• The Disciplines of Geography: Constructing Space in the Ancient World

    Gina Konstantopoulos (see profile)
    Ancient Near East, Assyriologists
    Geography, Ancient, Assyriology, Maps in literature
    Item Type:
    Ancient geography
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    This article serves as introduction to a special double issue of the journal, comprised of seven articles that center on the theme of space and place in the ancient world. The essays examine the ways in which borders, frontiers, and the lands beyond them were created, defined, and maintained in the ancient world. They consider such themes within the context of the Old Assyrian period, the Hittite empire, and the Neo-Assyrian empire, as well as within the broader scope of Biblical texts and the Graeco-Roman world. As we only see evidence of a documented, physical, and thus fixed map in the later stages of Mesopotamian history, the ancient world primarily conceived of space through mental maps rather than physical ones. Thus, while the societies of the ancient Near East integrated knowledge gained by actual contact with distant lands into their world view, it was also informed by the literary conceptions of those same spaces. These mental maps were unsurprisingly prone to shifting over time, changing as the social conceptions of the world itself, its border and frontiers, the lands that lay beyond them and how those places might be defined, also changed. These papers question the intersection of concrete and fantastical, or real and imagined, that existed in both the ancient and pre-modern world, where distant locations become elaborately embroidered by fantastical constructions, despite the concrete connections of travel, trade, and even military enterprise.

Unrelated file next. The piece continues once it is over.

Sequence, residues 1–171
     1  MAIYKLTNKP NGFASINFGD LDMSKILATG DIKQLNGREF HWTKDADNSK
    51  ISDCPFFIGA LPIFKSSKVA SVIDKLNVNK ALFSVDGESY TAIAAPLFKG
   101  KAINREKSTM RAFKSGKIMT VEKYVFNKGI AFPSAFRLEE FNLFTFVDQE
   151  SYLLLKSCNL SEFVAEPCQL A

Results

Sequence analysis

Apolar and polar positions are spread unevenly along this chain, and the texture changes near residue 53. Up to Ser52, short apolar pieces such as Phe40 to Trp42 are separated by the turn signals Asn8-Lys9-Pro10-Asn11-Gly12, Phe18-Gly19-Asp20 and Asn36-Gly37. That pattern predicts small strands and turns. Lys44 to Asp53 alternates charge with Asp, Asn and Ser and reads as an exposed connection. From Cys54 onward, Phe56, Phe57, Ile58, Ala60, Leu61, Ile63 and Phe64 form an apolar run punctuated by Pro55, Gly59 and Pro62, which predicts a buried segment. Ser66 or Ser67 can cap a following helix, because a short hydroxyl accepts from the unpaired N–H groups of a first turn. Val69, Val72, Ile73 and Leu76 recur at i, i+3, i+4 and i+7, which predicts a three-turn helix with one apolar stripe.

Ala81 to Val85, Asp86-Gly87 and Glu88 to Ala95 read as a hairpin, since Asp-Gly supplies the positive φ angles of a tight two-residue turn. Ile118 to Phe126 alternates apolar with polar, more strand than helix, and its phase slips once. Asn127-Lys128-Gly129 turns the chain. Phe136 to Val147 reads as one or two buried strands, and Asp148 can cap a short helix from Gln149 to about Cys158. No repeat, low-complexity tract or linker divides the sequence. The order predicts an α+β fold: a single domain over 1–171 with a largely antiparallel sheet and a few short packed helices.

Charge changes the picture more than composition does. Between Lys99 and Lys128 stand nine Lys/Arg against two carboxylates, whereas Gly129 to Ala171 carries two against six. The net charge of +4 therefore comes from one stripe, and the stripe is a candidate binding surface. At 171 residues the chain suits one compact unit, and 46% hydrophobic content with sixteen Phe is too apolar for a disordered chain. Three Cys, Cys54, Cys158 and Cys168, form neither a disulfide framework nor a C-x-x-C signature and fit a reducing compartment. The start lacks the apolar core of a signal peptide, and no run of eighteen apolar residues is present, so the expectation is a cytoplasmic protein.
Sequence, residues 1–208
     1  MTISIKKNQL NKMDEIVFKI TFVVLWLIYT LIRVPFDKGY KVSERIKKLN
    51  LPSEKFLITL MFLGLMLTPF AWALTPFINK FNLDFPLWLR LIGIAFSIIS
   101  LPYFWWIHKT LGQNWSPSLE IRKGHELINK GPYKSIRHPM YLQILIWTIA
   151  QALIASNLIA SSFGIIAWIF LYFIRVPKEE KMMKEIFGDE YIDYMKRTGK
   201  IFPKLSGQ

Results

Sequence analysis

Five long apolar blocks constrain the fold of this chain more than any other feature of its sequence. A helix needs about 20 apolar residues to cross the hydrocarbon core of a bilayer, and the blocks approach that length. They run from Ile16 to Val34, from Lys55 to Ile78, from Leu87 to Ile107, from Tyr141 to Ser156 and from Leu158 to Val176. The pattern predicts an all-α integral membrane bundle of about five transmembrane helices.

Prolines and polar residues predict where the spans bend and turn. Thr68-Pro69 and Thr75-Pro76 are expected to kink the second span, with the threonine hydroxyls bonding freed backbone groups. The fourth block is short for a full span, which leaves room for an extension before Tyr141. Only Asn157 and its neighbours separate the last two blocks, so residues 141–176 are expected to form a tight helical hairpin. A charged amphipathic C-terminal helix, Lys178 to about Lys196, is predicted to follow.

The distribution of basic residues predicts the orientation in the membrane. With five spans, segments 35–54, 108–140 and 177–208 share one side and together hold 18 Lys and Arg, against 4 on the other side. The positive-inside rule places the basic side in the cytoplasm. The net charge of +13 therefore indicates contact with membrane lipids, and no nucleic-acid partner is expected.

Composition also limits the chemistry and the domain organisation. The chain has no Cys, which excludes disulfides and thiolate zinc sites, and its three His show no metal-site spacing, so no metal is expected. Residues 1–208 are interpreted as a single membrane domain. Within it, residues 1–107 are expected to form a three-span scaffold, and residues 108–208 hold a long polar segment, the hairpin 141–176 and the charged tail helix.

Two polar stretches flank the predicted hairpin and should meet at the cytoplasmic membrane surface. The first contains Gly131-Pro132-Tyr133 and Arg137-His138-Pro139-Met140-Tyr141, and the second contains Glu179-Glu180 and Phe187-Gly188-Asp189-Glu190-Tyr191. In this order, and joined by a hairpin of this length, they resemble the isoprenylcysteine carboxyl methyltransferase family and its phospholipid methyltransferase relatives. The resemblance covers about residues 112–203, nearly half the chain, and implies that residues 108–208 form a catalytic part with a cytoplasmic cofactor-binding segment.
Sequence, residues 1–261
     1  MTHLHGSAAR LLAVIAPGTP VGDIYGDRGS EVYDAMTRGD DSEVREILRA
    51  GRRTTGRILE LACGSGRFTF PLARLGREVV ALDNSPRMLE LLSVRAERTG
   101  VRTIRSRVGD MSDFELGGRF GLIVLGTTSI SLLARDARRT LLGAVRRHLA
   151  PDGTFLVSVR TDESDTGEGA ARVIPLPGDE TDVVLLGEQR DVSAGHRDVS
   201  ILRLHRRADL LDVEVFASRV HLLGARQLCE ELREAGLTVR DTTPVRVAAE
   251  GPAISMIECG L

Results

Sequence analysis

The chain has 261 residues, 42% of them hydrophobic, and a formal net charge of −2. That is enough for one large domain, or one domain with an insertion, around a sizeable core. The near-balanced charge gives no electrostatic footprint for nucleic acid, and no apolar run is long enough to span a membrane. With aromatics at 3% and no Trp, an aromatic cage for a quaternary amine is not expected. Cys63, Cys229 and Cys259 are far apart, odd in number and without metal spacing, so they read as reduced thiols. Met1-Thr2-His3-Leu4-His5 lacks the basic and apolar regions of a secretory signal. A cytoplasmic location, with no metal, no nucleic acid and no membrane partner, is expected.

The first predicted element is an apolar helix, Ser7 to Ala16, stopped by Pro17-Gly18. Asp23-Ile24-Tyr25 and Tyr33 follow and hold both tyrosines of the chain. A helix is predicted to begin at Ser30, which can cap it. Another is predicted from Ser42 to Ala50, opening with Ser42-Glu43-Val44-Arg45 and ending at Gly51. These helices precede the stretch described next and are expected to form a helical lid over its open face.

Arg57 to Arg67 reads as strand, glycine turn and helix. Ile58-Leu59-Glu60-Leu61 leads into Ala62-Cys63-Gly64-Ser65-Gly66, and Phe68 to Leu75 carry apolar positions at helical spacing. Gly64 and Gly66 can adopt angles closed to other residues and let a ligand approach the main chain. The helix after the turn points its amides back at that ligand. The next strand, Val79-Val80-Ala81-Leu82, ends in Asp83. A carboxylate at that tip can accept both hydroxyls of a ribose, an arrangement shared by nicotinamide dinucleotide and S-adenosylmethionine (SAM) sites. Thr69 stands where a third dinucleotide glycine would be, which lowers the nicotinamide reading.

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    Journal article    
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    4 years ago
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